When Amy Jensen found herself single again at age 48, she realised that the last time she had gone on a first date was in the previous century. “I had to learn to flirt again,” says the marketing director and mother of two, whose name has been changed to keep her teenage son from being mortified. “It was like exercising a muscle I hadn’t used in years. But you know what? I’m having a lot of fun!”
Whether you’re newly single after a long relationship or still looking for your first great love, dating after you’ve passed your 40th birthday has its own challenges, but also plenty of advantages. Maybe you have some emotional baggage. Sure, who doesn’t? You’re almost definitely juggling more responsibilities than when you were a twenty-something sharing an apartment with three friends and sleeping till midday on the weekends.
But that also means you’ve put in the time to know what you truly want, says psychologist Carla Manly. “When you’ve used the previous decades to become more of your authentic self, that makes you a great catch in your 40s and beyond,” she says. “If you’ve been successful at work you love, you’re a great parent, or a great friend, you know who you are more than ever.”
It’s also easier to separate the romantic wheat from the chaff when you have a few decades of experience in your rear-view mirror, says Paul Hokemeyer, psychotherapist. “By the time we hit our 40s, we’re more interested in partnerships that nurture and enhance who we are rather than relationships that drain our energies and detract us from attaining our goals and fulfilling our responsibilities,” he says.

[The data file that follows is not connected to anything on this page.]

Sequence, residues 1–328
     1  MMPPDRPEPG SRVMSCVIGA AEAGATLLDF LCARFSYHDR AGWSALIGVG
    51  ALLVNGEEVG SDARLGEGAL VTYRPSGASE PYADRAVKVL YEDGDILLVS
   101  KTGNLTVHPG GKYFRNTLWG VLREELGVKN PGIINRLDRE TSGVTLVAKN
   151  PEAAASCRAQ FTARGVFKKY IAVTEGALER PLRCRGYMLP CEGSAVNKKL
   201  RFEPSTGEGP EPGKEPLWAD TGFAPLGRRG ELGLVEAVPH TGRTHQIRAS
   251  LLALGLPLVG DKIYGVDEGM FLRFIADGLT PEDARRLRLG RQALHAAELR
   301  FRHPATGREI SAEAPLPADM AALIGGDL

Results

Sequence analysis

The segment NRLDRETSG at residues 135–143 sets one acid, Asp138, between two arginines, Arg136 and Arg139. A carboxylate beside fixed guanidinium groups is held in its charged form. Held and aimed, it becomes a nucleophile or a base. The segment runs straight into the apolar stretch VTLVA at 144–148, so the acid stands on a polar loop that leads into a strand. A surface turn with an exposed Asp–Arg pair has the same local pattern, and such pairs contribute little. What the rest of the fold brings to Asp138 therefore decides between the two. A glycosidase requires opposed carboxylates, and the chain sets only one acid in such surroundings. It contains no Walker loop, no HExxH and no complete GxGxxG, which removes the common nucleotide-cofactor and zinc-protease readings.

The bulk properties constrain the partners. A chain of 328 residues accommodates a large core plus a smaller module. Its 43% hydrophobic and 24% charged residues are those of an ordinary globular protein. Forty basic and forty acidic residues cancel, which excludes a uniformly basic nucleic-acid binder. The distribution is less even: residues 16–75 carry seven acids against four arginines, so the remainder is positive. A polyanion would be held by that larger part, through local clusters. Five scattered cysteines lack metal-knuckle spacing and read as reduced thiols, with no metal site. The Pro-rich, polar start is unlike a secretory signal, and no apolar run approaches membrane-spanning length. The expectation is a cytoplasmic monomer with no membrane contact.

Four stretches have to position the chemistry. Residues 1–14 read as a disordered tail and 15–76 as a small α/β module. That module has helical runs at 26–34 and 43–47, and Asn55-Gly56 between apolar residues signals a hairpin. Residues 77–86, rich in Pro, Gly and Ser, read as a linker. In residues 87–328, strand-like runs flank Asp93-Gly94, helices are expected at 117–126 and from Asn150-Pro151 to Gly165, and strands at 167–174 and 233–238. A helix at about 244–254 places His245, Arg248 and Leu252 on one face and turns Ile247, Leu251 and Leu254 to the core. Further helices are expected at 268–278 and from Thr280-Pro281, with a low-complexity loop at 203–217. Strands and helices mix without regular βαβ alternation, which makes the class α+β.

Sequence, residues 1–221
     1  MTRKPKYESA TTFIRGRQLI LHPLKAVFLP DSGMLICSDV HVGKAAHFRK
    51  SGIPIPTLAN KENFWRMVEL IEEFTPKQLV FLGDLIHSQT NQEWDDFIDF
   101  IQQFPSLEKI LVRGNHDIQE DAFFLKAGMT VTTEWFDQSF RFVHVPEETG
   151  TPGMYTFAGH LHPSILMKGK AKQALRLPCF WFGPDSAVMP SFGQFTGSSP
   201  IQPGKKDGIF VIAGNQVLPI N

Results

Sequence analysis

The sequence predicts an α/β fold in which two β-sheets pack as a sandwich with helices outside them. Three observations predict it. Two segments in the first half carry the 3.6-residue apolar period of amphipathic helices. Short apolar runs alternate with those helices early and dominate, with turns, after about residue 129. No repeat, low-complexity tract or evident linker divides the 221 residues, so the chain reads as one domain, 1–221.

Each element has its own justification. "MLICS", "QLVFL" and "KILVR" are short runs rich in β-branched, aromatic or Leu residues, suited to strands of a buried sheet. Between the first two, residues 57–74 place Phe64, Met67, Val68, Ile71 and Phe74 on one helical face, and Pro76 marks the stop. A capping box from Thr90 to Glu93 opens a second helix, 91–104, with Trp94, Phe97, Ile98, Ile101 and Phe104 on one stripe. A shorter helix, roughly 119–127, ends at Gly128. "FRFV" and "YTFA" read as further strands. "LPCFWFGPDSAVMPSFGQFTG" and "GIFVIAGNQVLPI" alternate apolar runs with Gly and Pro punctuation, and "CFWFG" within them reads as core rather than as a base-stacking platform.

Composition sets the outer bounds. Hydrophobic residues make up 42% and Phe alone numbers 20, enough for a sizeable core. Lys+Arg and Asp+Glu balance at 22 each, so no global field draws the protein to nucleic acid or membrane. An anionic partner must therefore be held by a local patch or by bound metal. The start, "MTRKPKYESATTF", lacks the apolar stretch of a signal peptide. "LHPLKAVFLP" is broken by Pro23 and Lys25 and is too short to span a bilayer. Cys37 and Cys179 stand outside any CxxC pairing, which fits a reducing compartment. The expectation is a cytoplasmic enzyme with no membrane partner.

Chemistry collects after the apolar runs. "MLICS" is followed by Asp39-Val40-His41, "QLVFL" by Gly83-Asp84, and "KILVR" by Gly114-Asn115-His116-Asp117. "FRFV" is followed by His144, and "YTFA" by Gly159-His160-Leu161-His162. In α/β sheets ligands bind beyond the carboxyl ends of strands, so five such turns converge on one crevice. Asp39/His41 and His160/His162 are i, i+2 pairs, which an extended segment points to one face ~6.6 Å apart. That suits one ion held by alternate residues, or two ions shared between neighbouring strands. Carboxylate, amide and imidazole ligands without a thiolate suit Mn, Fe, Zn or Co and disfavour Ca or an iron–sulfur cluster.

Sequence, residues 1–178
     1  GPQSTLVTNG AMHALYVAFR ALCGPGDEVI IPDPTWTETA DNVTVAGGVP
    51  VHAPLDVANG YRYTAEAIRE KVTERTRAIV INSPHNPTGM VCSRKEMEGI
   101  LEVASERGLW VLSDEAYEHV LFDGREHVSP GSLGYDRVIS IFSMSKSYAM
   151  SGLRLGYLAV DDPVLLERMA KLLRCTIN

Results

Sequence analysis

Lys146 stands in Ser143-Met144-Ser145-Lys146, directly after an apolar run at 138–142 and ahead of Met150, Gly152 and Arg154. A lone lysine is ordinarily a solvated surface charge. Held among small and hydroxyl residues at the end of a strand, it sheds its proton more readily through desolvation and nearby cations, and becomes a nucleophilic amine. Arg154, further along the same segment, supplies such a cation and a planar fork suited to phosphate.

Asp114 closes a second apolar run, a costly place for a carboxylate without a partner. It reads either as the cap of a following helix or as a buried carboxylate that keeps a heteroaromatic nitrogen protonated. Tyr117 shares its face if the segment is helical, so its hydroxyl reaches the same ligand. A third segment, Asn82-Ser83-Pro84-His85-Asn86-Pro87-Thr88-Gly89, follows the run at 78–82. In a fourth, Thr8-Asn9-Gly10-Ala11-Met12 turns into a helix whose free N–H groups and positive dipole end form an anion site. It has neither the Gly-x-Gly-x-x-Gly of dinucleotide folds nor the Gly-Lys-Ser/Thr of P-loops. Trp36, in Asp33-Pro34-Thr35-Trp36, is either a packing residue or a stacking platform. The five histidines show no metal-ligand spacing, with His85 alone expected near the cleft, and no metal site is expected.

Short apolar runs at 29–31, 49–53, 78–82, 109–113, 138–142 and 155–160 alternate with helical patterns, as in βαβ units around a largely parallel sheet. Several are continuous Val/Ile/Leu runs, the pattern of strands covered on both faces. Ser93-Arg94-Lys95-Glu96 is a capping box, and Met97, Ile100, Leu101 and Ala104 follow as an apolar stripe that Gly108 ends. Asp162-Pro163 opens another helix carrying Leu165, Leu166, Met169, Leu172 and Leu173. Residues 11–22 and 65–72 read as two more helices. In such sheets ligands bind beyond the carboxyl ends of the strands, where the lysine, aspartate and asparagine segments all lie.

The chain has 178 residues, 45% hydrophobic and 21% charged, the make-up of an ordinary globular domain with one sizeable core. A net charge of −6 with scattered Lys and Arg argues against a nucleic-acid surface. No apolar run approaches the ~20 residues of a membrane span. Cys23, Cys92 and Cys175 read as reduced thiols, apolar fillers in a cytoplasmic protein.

Denise Albert, 46, agrees that dating in her 40s is a big improvement over the younger version. “I truly believe in the beauty of wisdom and experience,” she says. “Also, since I have my kids, I don’t have any pressure about finding a partner, which many people do in their 20s as they’re thinking about building a family,” she says. “Now, everything would be a bonus—a bonus partner and teammate and bonus kids.”
Here, answers to some of the top concerns about dating, adult-style:
What age range should I be dating in my 40s?
Your 40s are a real sweet spot for dating. You can date up or down the calendar—and the beauty of being in your 40s is you don’t really have to give a damn what anyone else thinks!
And while you may be more comfortable dating someone who gets all the same cultural references (“What? You’ve never heard of the Fonz or New Kids on the Block?”), in the end, it’s really about deeper values, says psychiatrist Dr Leela Magavi. “You can date adults of any age as long as your core values and belief systems align,” she explains. “I have patients and friends in their 40s who have fallen in love with individuals much younger and older than them.”
Manly points out that while the most successful relationships tend to be among people born within a few years of each other, there is no hard and fast rule. “If you’re having fun dating someone younger, but your gut tells you it’s just a fling, not a long-term commitment, that’s fine—but you have to be clear with the other person about it.”
Of course, if you date someone born in a different decade, you may have to get over some technological hoops first: “I started seeing this guy who was 12 years younger than me,” says mum, Amy. “And he only ever wanted to text. He texted me all day, and I finally said, Please pick up a phone and call me! I’m thinking of looking for someone older than me next time.”
But what if I’m just exhausted from the whole dating experience?